* I’m going to be in training pretty much all week, and on vacation after that, so this is the quickie dump of everything I might have been blogging about. Hang on tight, here we go…
* So the Nexus 5 has dropped at long last, alongside an Android 4.4 that’s meant to be lighter and easier to put on more limited hardware. Between that and the Google Play layer, it’s possible Google might have licked the fragmentation problem going forward, as evinced by Moto putting the updated camera software for the Moto X onto the Google Play store to circumvent Verizon’s reluctance to push the update. Notable too is the fact that the Nexus 5 doesn’t work on Verizon, alone among national carriers.
* Unfortunately, if you have the Galaxy Nexus, you’re out of luck; there will be no Android 4.4 support for it. This is tantamount to Apple declaring that iOS 7 won’t run on the iPhone 4S at all; it may seem like an outrage but Google explicitly commits to no more than 18 months’ update support for Nexus devices. Still, it’s more than you’ll get from most phone manufacturers or their carrier partners (see Verizon above) and goes a long way toward explaining why Google is moving more and more stuff into Google Play Services rather than Android proper. Of course there are other reasons too.
* The Nexus 5 includes a chip to enable some of that voice-recognition a la the Moto X, which is apparently part of the Android 4.4 code. That plus the tight integration of Google Now suggests that the forthcoming Google Watch will basically be a Google Now terminal that connects to your phone for its network connection and location info – and that, all by itself, is a far more intriguing and attractive package than the dog’s breakfast Samsung slapped together for the sake of being first out of the gate.
* Samsung actually had a developer conference in San Francisco last week or so, pushing its own ecosystem that sits atop Google. Amazon went this route, sort of, what with building on top of the Android Open Source Project and forking from there, but Samsung is basically just slapping their own stuff over top of full Android and then asking people to develop for that rather than Android proper because of their commanding market share among Android devices. Shameless doesn’t begin to cover it, but then, Samsung’s entire approach to mobile phones has always, always been “better to seek forgiveness than permission, and better to just pay the court costs than either.”
* Meanwhile, the wife has finally gotten her iPhone 5S, which means I will finally be able to risk replacing the battery in my old 4S without leaving her high and dry. A 4S in very good condition (year and a half old with protective plastic on it most of the way) and a fresh battery, running iOS 7.0.3, ought to be a perfectly viable everyday phone for at least another year and maybe two…and thus insurance against suddenly no longer having my work-provided device. Also insurance against doing anything rash like splashing out on an unlocked Nexus 5. =)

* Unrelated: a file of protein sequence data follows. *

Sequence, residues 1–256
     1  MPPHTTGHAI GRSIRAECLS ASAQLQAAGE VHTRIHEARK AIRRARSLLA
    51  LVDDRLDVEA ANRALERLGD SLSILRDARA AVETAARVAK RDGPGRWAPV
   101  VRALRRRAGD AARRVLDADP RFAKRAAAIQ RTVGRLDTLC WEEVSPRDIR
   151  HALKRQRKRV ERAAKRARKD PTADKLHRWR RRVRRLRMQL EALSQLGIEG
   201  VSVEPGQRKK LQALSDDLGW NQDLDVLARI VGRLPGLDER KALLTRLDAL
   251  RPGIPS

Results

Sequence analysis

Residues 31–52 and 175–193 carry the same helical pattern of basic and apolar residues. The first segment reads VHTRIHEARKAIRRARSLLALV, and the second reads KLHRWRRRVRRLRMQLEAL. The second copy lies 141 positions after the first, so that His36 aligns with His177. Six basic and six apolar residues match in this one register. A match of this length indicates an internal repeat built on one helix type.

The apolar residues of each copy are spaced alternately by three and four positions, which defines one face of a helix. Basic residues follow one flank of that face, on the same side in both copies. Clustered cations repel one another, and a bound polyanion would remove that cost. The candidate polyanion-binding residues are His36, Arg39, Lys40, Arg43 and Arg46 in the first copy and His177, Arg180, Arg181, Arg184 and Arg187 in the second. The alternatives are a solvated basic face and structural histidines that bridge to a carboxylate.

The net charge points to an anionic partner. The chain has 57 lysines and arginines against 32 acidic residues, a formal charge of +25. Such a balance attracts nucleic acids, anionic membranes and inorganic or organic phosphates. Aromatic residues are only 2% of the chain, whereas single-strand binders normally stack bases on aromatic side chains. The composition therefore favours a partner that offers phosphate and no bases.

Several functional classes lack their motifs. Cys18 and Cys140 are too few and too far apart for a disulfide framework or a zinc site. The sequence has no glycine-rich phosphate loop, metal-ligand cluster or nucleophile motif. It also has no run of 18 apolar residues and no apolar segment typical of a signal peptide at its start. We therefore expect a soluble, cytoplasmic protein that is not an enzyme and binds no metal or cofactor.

* Speaking of electronics, the nerdosphere is going crazy today at the news that the FAA is revising rules on use of electronic devices during flight. And yet, the main thing is merely the prospect of having them on during takeoff and landing – they must be held in the hand or placed in the seatback, they have to remain in airplane mode, and voice calling is still a no-no. It’s not the olly-olly-oxen-free that they seem to be crowing about on Gizmodo or the Verge, and it drives home one of the most annoying things about flying: the people for whom having to stop playing Candy Crush long enough for the plane to reach 10,000 feet is an insurmountable crime against their freedoms.
* And while we’re on crimes against freedoms – it should be obvious right now that the main result of Edward Snowden’s revelations has been to give the entire rest of the world a club to beat the United States with. I thought the big bugaboo was that O NOEZ WE R SPYIN ON MERICANZ!!!!! and yet all we seem to hear these days are details about how foreign citizens were having their metadata harvested and how other countries’ leaders were being spied on.
Seriously. Google “ECHELON”. Or “ONYX.” This is not exclusive to the United States. In fact, a lot of this isn’t even news. I present to you an excerpt from William Gibson’s Zero History, published in 2010, between Hollis Henry and Hubertus Bigend:
“Two,” he said, “counting you.”
“I can’t work that way,” she told him. “I won’t.”
“It won’t be that way. This is entirely less…speculative.”
“Wasn’t the NSA or someone tapping your phone, reading your email?”
“But now we know that they were doing that to everyone.” He loosened his pale golden tie. “We didn’t, then.”
Yes, three years ago, the ubiquity of NSA access to electronic communications was enough of a fait accompli for a major author to include it as a throwaway plot reference. This is not new, and it didn’t remotely start with Obama, and the idea that it could – or should – be somehow made to go away altogether is to betray a profound ignorance of how the world works and how easy it is to put toothpaste back in the tube.